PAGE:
This is the third iteration of my blog. (and hopefully a consistent one this time). I’ve finally decided to settle on using Gatsby for my main site and blog. I have been doing this every 4 years, rewriting entire site from scratch, spend weeks on redesign, deploy it half baked and then forget about it.
But not this time!
I’ve actually done a great deal of planning this time around on how I’d want to make my blog/website.
Short answer, to write down stuff so that future me can refer to it easily.
Long answer, I’ve spent close to a decade in the IT industry, working on multiple domains, different tech stack, solving various challenges. I feel like I should start documenting and journaling things, for my own self as well as for folks out there on the internet.
I also really need to improve my technical writing skills. It’s inconsistent, erratic and sometimes the grammer just doesn’t make any sense. The only way to fix it is to write more. So here I am, writing more stuff.
My old blog was driven by Ghost CMS, self-hosted on a $5 Digital Ocean Droplet, with custom domain and SSL from Let’s Encrypt. Ghost is a great tool. It provides a really good WYSIWYG minimal Medium-esque editor. It has a great support for drag-and-drop stuff and a whole lot of content types. It really did let you focus on content and not the tooling part. Us developers love to spend 99% of time on configuring the tooling/build system and the remaining 1% on thinking, we could’ve used another tool for that.
That’s actually where Ghost worked for me, I just ran the Docker image on the Ubuntu server, configured SSL and access to the server, and started writing content. If all was so good with Ghost, then why did am I breaking up with Ghost? Well, a couple of reasons actually.
- Ghost as a product (which I used for well over 3 years) was moving in a direction which I personally did not like.
- Maintaining the Ghost site became a chore. I had to constantly update the core Ghost packages, and other external packages which had vulnerabilitites reported. This, coupled with making sure that the server was secure by rotating access keys, and such tasks started becoming a nightmare to maintain.
- My website and blog were running on different servers, so double the cost. I’ve spent ~$500 in server costs and additional in domain renewal post expiry 🤷🏽♂️. I mean, you never know when that domain name will be useful for an idea which you thought about at 3am when going to the loo.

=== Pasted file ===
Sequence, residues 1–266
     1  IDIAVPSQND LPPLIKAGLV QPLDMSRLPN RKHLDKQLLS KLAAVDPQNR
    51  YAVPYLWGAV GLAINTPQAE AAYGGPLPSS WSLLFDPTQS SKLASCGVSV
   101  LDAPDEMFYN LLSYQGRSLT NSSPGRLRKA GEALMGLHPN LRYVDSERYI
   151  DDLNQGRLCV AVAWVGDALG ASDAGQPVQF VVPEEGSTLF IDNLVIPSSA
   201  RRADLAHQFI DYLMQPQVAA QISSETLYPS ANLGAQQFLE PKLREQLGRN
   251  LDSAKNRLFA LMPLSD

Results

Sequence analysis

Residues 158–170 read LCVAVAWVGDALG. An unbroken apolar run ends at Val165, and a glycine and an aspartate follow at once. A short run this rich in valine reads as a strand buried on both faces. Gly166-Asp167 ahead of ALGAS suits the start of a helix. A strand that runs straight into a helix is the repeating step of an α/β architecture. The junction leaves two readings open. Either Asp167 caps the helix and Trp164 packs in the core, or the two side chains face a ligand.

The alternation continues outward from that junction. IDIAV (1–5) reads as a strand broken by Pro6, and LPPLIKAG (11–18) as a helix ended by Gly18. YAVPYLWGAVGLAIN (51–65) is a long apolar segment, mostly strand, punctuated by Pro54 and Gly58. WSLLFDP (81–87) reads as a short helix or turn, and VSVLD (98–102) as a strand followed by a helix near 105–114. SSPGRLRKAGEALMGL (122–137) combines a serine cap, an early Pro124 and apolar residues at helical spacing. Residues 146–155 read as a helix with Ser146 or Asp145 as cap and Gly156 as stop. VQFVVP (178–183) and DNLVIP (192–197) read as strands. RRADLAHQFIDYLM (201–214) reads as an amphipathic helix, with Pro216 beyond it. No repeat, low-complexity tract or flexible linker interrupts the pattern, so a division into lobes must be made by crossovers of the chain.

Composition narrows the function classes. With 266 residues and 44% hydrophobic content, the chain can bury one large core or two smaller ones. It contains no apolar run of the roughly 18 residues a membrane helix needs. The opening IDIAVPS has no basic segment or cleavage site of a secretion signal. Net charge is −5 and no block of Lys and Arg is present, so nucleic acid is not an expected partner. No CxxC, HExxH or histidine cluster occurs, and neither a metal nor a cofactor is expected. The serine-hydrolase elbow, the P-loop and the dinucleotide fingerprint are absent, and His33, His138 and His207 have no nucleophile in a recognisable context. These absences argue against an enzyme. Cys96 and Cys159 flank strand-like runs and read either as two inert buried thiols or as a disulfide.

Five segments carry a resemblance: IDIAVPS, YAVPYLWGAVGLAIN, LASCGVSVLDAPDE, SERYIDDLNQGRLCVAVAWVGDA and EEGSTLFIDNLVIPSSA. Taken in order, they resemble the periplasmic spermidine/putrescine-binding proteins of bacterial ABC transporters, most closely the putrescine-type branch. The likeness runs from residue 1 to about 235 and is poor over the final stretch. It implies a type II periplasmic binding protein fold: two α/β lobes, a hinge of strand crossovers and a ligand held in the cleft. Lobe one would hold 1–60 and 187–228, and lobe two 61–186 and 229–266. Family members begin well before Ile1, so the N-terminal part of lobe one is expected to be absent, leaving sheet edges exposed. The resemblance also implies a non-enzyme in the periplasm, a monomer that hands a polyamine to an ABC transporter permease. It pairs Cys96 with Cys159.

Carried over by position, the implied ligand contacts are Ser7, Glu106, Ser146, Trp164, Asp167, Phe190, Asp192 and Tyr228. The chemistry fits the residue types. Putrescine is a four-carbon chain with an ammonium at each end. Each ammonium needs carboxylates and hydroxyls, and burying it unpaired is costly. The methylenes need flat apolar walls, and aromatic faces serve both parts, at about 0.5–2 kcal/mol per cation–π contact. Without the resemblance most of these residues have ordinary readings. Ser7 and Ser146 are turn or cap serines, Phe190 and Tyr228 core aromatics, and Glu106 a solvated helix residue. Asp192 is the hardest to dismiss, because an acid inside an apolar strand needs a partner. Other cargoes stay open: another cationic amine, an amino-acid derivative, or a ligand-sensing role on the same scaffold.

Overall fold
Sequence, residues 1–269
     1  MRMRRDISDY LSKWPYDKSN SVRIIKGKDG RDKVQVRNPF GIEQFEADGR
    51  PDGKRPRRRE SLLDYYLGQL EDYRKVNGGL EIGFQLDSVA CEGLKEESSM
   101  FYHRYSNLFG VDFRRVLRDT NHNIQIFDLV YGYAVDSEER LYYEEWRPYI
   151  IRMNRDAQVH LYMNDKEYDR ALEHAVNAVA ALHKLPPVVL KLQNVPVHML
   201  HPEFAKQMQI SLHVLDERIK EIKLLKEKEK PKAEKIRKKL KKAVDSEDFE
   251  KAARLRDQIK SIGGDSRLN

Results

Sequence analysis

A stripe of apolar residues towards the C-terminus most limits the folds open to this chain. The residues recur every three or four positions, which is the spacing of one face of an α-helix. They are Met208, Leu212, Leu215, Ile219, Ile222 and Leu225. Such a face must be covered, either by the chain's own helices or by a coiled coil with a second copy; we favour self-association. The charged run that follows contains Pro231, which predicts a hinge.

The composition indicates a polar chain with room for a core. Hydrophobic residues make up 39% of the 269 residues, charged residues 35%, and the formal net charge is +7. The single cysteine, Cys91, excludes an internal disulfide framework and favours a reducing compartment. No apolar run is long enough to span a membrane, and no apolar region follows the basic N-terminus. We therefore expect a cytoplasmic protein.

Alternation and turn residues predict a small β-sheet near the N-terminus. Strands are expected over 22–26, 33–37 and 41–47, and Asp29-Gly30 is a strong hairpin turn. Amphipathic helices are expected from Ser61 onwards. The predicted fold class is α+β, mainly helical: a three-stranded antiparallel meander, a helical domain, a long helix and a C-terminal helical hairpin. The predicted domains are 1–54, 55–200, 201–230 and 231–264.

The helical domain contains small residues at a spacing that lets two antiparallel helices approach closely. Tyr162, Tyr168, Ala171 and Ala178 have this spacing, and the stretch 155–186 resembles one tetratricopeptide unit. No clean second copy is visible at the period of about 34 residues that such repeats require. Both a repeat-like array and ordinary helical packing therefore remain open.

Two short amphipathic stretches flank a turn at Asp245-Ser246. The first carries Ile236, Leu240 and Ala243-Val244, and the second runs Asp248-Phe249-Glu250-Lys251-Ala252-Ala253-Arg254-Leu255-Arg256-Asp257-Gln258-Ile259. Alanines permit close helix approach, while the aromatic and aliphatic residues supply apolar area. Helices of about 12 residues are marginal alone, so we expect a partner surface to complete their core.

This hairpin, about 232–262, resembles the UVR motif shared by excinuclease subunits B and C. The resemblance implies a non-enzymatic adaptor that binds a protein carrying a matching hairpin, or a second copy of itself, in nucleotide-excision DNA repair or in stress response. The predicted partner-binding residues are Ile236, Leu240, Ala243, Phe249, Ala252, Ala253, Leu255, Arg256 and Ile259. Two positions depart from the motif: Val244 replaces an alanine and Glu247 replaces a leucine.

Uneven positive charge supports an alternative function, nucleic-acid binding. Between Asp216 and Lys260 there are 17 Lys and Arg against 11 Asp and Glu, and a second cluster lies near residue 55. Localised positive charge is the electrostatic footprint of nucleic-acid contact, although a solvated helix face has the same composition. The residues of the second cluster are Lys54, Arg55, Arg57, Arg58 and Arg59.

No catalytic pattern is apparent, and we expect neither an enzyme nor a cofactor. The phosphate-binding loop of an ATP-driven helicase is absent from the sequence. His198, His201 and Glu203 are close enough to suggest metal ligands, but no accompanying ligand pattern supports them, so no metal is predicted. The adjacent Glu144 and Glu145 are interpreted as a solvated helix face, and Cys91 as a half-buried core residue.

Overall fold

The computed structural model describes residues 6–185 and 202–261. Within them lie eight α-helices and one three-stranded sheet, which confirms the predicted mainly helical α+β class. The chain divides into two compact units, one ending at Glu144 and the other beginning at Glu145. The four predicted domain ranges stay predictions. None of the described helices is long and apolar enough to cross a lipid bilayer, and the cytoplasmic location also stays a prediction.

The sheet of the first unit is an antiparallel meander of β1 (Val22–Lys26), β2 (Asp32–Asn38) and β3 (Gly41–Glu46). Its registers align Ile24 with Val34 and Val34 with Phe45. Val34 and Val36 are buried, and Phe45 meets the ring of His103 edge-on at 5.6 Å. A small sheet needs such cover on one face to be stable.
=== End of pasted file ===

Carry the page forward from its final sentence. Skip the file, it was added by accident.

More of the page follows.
I spent a couple of weeks trying to figure out the “Perfect” tech stack for my blog and website. One of the main requirement for me was to have a single website which would serve as a blog too. My existing website was built using Angular 9. It had routing in place, all styles were isolated and each unit was built of components. So I had to figure out a way to add blog to the Angular app and call it day.
I looked at
ngx-markdown as a possible solution to render markdown in the Angular app. Initital experiments seemed promising. But I soon hit a roadblock on generating dynamic pages, based on templates. The code became messy real quick, and I knew there had to be a better way to do this.
The Angular app was a single page application. Because it was a simple website with just a couple pages, it was blazing fast. But it still did include all the Angular vendor js files required to bootstrap the application. This is when I encountered the term static sites. These are basically web apps which have all HTML and other content generated at build time and ready to be served from any web server.
Great, so this meant, I could get rid of the constantly running server, and use Firbase Hosting for the static apps. Now to select the framework.
After a bit of R&D, I finally decided to settle on using Gatsby. Some of the points which I considered were
- Gatsby is written in React, so building the site from scratch was a great way to understand React.
- One of those, “It has a plugin to do that” ecosystem. I could fairly easily write most of the core implementation, but since Gatsby has a rich ecosystem of plugins, it made my life easier.
- Data source agnostic. Data could be from a local md file, or a remote repo dedicated to content. And using GraphQL for querying data felt natural, instead of making n-REST calls to get stuff to render on page.
It wasn’t all rainbows and unicorns though. Gatsby’s developer mode was a nightmare to work with. If you’ve never used Gatsby before and decide to start creating an advanced site with blog capabilities, you are bound to be taken for a ride.
I spent countless hours trying to figure out getting the Markdown to load, make sure all the pages work even if a data source failed, and other bunch of stuff. But the end result was, satisfying. I now have a website and a blog, which is hosted on Firebase, SSL and all the works.
Let’s hope I’ll be consistent this time around on posting stuff. I’ll start slow, and see where things goes.
If you like what you read, I’ll be posting more stuff, so stick around.